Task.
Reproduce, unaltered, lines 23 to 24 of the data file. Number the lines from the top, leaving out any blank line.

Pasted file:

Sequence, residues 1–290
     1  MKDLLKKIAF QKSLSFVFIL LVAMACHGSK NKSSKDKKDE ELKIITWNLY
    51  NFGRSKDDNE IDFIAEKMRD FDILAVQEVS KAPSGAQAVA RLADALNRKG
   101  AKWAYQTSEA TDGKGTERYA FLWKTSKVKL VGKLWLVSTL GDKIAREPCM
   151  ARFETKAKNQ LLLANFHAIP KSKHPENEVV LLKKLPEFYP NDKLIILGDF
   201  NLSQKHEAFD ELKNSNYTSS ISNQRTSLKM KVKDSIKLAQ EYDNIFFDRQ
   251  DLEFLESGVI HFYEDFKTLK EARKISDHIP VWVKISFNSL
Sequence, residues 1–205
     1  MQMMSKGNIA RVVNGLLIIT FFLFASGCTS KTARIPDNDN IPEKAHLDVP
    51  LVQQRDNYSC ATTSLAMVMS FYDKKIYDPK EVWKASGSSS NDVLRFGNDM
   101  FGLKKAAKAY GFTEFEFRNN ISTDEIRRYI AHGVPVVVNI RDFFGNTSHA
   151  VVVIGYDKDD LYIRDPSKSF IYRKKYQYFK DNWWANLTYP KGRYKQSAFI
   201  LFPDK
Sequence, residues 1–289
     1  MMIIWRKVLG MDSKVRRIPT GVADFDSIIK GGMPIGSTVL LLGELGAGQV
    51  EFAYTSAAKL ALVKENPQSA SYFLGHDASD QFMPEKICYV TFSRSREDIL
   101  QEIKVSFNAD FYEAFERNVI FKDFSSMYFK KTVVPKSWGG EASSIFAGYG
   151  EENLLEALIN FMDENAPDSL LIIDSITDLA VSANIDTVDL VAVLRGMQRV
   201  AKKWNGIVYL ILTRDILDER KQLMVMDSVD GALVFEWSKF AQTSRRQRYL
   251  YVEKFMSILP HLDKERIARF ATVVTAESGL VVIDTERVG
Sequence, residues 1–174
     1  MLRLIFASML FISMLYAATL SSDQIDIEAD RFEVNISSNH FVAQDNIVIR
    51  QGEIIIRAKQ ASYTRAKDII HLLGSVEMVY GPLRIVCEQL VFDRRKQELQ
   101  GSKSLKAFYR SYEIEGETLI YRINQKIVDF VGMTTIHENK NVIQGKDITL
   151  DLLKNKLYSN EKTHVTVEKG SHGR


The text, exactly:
    51  QGEIIIRAKQ ASYTRAKDII HLLGSVEMVY GPLRIVCEQL VFDRRKQELQ
   101  GSKSLKAFYR SYEIEGETLI YRINQKIVDF VGMTTIHENK NVIQGKDITL